Study: Offshore Wind Farms Negatively Impact Ecosystems

Bad news for wind power backers. A new, peer reviewed study conducted by German scientists that was published in the journal Communications Earth & Environment reveals that offshore wind farms are not as safe as their backers say they are. The manuscript also says that the effects of off shore wind farms is substantial.

As the researchers explain in their manuscript:

The wind wake effect of offshore wind farms affects the hydrodynamical conditions in the ocean, which has been hypothesized to impact marine primary production. So far only little is known about the ecosystem response to wind wakes under the premisses of large off shore wind farm clusters. Here we show, via numerical modeling, that the associated wind wakes in the North Sea provoke large-scale changes in annual primary production with local changes of up to ±10% not only at the offshore wind farm clusters, but also distributed over a wider region. The model also projects an increase in sediment carbon in deeper areas of the southern North Sea due to reduced current velocities, and decreased dissolved oxygen inside an area with already low oxygen concentration.


In addition to impacts on the regional atmosphere, multiple physical, biological, and chemical impacts on the marine system have been identified. The under-water structures, such as foundations and piles may cause turbulent current wakes, which impact circulation, stratification, mixing, and sediment resuspension. Most studies conclude that the direct hydrodynamic consequences of the wind farm structures are mainly restricted to the area within the wind farms. However, some speculate also, that the cumulative impacts of an increasing number of offshore installations might result in substantial impacts on the larger scale stratification. Larger scale effects of offshore wind energy production, well beyond the wind farm areas, are introduced to the atmosphere by infrastructures above the sea level and the energy extraction itself. Atmospheric wakes appearing in the lee of wind farms extend on scales up to 65 km and beyond, depending on atmospheric stability, with a wind speed reduction of up to 43% inside the wakes leading to upwelling and downwelling dipoles in the ocean beneath.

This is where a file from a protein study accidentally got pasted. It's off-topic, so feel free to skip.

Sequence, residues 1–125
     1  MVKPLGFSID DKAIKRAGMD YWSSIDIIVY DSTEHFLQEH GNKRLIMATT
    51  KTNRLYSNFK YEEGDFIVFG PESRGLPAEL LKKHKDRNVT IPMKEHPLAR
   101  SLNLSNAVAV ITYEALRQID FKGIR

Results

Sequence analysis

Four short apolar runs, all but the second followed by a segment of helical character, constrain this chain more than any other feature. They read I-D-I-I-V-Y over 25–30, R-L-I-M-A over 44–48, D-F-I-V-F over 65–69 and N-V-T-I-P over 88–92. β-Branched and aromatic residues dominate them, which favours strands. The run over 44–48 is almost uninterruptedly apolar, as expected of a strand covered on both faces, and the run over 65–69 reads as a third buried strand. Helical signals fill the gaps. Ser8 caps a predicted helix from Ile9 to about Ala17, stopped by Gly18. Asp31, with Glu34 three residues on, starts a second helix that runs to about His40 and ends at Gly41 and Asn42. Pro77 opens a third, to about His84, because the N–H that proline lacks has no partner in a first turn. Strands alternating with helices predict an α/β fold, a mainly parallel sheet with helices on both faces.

According to simulations that focused on North Sea projects run by the researchers, the impacts described above led the scientists to their decision, based on evidence, demonstrating that the increasing amount of future OWF installations will substantially impact and restructure the marine ecosystem of the southern and central North Sea.

The German scientists cited as examples the diversity of marine fauna in the southern area of the North Sea, including economically relevant fish stocks which were near offshore wind farms impact the survival of fish early life stages in specific areas due to variations in the match-mismatch dynamics with their pray or as a consequence of low oxygen conditions. The scientists also note that estimated changes in organic sediment distribution and quantity could have an effect on the habitat quality for benthic species such as lesser sandeel and other benthic species that live in the sediments in the deeper areas of the southern North Sea.

Not surprisingly, supporters of wind farms still continue to assert that offshore wind farms have no ill effects. Worst of all, the Biden administration has made offshore wind farm construction a priority, claiming that clean energy is supplied by shore wind. But, as the German scientist’s study reveals, wind power may not be so clean after all and, as the above North Sea impacts show, the wind farms will likely damage the very ecosystems Biden claims his green energy will help. 

Image by Andrew Martin from Pixabay